Exploring the past and present in Athens Co.

Radar Hill
Beautiful views abound when hiking Radar Hill near the Ridges on the campus of Ohio University. (Julie Geiss photo)

When it comes to sharing similar interests with my kids, I average about 50% in commonality. When my boys talk about motors and archery, it goes in one ear and out the other. However, when my oldest daughter suggested a sunset hike, I was 100% in on the adventure. 

We were visiting Athens County, Ohio, where there are many options for hiking. She had seen photos of Radar Hill near the Ridges on the campus of Ohio University. Most people in Athens County know the history of the area, but it was all new to me. I soaked up the local narrative like a sponge. 

Mental hospital

Formerly known as the Athens Lunatic Asylum, the facility operated as a mental hospital from 1874 to 1993. Perched on a vista overlooking the Hocking River, the Victorian-style buildings are reminiscent of another era. 

The main entrance has a series of balconies with a tall tower flanking each side. The original plan for the buildings and surrounding land was to create a Kirkbride Plan mental hospital. 

Dr. Thomas Story Kirkbride was a famous psychiatrist who believed patients needed to experience fresh air and natural light and to thrive and recover. The area encircling the hospital included ponds, gardens and fountains. It seemed more like a park than a hospital. It is rumored that in the 1920s there was an alligator that lived in one of the fountains. There were also orchards, gardens, greenhouses and livestock. 

The theory behind the Kirkbride plan stressed that when patients were immersed in a natural environment and engaged in physical labor, they would overcome their mental difficulties. 

While this theory has helped many people over time, it also opened the door for possible abuse in the form of work without compensation. By 1993, the last patient was transferred to another facility.

Athens Lunatic Asylum
The buildings and land formerly a part of the Athens Lunatic Asylum, a facility operated as a mental hospital from 1874 to 1993, are now owned by Ohio University.

Several trails

Ohio University obtained full ownership of the multiple buildings totaling 700,000 square feet and the land which included over 700-acres. The main building was renamed Lin Hall and now houses the Kennedy Museum of Art and the Ohio University Museum Complex. 

Along with a functional auditorium, the additional building space is used for offices, classrooms and storage. The university police department also has a home base at the Ridges. The orchard lands left from the asylum days and the land around the buildings have transitioned into recreational use with several trails.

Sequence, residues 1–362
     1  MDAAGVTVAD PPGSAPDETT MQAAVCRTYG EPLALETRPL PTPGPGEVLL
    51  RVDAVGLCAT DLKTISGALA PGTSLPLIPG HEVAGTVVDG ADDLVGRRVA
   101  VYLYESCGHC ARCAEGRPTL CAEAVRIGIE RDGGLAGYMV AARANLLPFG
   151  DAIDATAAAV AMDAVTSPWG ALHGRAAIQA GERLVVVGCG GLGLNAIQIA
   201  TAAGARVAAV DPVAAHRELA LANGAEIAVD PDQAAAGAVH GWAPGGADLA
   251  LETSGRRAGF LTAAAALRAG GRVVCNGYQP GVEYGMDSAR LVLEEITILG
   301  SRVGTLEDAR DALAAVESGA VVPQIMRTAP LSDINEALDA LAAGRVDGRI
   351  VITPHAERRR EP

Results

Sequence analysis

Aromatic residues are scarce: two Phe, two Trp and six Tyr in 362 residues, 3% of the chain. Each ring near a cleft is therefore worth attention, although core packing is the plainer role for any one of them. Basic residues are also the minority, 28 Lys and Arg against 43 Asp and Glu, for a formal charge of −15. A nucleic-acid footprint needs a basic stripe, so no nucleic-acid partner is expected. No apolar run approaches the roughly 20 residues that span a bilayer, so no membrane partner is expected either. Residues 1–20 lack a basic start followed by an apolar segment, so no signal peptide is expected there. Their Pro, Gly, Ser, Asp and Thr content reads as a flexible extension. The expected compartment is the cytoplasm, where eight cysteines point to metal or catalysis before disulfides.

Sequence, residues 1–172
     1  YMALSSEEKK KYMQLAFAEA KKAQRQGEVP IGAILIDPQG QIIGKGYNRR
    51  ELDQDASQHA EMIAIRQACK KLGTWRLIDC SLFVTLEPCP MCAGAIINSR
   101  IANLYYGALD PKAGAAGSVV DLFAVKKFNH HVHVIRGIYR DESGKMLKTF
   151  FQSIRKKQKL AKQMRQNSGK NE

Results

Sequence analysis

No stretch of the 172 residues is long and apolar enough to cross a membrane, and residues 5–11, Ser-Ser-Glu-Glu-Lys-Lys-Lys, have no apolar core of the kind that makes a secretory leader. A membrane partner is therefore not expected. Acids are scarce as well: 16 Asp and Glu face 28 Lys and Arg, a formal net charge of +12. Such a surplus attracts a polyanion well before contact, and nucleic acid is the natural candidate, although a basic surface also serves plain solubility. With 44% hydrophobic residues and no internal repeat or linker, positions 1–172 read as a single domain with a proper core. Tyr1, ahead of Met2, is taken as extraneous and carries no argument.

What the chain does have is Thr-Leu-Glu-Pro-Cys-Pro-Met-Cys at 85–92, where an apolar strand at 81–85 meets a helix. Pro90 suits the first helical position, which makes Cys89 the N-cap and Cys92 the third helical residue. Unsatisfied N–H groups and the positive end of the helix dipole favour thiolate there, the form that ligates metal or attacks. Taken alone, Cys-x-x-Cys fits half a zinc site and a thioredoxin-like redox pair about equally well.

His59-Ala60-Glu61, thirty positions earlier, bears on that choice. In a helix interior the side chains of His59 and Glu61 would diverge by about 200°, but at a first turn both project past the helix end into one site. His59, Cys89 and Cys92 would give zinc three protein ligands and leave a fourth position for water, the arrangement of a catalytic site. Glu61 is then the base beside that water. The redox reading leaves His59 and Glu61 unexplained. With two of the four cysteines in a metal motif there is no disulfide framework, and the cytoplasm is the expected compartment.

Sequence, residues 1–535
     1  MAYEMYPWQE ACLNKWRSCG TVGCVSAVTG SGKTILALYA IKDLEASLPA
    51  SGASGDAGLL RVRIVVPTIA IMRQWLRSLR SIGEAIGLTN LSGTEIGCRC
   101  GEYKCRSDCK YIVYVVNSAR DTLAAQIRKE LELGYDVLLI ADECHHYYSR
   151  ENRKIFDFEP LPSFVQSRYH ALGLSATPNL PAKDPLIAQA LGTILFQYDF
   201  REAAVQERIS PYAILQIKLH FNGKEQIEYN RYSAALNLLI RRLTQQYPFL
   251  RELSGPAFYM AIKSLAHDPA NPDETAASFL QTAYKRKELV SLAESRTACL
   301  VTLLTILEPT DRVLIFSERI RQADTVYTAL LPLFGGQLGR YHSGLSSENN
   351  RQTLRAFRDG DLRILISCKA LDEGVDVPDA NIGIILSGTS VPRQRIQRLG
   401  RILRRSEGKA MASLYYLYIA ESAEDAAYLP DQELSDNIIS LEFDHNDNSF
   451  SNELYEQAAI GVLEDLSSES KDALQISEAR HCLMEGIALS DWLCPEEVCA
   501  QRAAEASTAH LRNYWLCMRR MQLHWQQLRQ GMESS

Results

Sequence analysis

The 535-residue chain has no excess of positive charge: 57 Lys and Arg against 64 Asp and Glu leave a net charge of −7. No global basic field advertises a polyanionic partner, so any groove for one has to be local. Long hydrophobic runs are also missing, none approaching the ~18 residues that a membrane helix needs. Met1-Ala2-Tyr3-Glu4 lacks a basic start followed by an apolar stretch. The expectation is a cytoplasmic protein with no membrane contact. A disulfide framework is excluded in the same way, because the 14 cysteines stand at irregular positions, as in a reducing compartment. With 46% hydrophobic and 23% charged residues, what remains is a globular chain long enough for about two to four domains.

The trails vary in length from 1.2 to 2.2 miles. Our goal was to hike to the top of Radar Hill before the sun slipped behind the hills. We parked at the Ridges Observatory near the water tower. 

Immediately, we noticed a sweet aroma. As we walked along, I spotted the source of the smell, Japanese honeysuckle. An invasive species, Lonicera japonica was brought from Eastern Asia and introduced to Long Island, New York, in 1806. 

Since then, the rapidly spreading vine has become quite the nuisance. The invasive plant is located throughout the eastern United States from Maine to Florida. It stretches in the west to Wisconsin and Texas. 

Originally used for ornamental purposes and erosion control, the species now forms tangles that smother and eventually kill native vegetation. It’s hard to believe something with such an enticing smell and beauty could be so dangerous. Perhaps the nearby college students could learn a lesson by observing this deceptive foliage. 

The trail to Radar Hill is a part of Ohio University’s Land Lab. Over 500 species of flora have been identified in the area. As we hiked along the trail, we noticed the tall grass surrounding us. Currently, a tall-grass prairie restoration project is aiming to increase the biodiversity of plants native to southern Ohio. 

We followed the trail to the highest point. The presence of peach and purple cloud swirls indicated that our timing was perfect. Before us stretched the rolling hills that define Athens County, an area rich in history and unique landscapes. 

Our short hike, with an even faster downhill return trip, was enough to spark our interest in other areas to explore. It is a great feeling to know that we stood on the precipice of land conservation. 

Learning from the past and pressing on towards a better future, the horizon is billowing with new possibilities.


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Julie Geiss lives with her husband and four children in Unity Township, Ohio. Faith and family are first in her life, but she also loves hiking, biking and camping. You can contact Julie at juliegeiss1414@gmail.com.



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